Playwright's insight hits NZ nerves

By Dionne Christian

Hare has been a controversial figure in English theatre. Photo / Supplied
Hare has been a controversial figure in English theatre. Photo / Supplied

"He's quite pessimistic, isn't he? You could get a bit depressed listening to his thoughts about his childhood and the state of theatre and political writing."

"Oh my God! That was amazing! He's so inspiring, so committed."

"There were lots of people here; I was quite surprised. It just goes to show people crave intelligent conversation and are looking for answers to big questions ... "

Three reactions after English playwright Sir David Hare finished his one hour talk ostensibly about his memoir The Blue Touch Paper (it's a reference to the instructions on lighting British fireworks). It goes to show, as Hare says, the audience - the way it reacts and responds and its current concerns - shapes theatre.

Hare has been a controversial figure in English theatre. He writes biting political and often satirical plays with characters dealing with the impact of decisions made by the powers that be. Applause broke out when he declared teachers, police, ambulance officers, doctor and nurses and social workers are the world's real heroes because they mop up the results of this policymaking.

Hare was characteristically self-deprecating. He candidly talked about self-hatred; living his life in a constant state of bewilderment and guilt. His honesty endeared him to the audience and so did a comment about people telling him New Zealand was like Britain in the 1950s: "But it's nothing like it - you can get a decent cup of coffee and a good meal and the people are pleasant! Pleasant!"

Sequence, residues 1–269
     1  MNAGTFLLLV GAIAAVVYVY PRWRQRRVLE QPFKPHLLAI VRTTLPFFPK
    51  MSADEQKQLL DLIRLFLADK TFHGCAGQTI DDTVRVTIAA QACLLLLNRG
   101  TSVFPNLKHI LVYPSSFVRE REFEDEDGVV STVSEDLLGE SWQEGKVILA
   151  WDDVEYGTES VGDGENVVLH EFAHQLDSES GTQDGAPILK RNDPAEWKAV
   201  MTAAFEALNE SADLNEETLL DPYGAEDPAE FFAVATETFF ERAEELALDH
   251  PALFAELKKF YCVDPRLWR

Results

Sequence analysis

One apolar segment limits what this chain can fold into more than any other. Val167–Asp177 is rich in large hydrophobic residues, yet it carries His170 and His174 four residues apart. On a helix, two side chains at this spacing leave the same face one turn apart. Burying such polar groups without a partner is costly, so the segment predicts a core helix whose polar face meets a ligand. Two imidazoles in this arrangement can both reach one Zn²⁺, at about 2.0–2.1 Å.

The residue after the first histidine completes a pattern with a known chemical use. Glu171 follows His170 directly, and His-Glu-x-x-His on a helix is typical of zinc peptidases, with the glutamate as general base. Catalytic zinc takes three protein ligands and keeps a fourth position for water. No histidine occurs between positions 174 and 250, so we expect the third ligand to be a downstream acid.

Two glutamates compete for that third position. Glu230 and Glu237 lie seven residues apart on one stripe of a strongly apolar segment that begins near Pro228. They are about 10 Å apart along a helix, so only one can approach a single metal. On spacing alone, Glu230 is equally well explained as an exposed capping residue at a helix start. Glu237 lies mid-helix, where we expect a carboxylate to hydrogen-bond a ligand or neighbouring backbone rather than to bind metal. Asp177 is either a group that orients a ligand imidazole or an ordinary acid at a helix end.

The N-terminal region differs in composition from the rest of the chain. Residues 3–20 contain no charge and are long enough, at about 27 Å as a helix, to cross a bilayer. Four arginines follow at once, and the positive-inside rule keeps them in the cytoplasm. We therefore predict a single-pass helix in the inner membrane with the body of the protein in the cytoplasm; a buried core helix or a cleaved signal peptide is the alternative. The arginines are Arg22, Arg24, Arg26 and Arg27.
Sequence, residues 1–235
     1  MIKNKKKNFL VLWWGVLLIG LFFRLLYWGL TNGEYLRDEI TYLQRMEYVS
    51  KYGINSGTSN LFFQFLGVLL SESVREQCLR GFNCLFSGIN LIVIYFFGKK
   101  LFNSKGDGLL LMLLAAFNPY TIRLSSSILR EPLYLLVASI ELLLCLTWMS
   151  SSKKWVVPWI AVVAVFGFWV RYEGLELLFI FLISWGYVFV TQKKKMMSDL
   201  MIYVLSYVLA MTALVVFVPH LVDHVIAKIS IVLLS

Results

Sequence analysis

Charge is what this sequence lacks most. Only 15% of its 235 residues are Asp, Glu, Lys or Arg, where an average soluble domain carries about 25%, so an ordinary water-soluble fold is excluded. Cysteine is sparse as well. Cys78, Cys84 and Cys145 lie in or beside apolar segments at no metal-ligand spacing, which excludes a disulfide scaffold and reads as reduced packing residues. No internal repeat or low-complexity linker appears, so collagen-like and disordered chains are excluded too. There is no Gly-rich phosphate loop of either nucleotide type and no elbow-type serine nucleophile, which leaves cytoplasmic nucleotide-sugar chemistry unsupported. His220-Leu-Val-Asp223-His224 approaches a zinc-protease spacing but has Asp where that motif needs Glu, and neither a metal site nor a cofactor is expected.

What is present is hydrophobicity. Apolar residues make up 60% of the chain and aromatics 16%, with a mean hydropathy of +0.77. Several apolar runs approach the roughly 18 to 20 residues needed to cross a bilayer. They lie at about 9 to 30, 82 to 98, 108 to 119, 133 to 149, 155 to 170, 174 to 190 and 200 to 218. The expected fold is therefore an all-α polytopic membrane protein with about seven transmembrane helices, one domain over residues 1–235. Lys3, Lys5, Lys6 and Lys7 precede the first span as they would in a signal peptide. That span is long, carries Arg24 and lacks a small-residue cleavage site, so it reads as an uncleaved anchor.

But Hare has also been knighted and a number of his plays have been produced at the National Theatre, which started life as a radical idea championed by the left, and then changed its mind and decided the theatre would become too establishment. He chose to stick with it.

Again it proves what Hare recognises so well: people, and situations, are complex, and while you can react to this, perhaps you shouldn't judge. I'm left thinking it's a great shame that we're perhaps not as interested in the kind of political theatre - made personal - that Hare writes.

- NZ Herald

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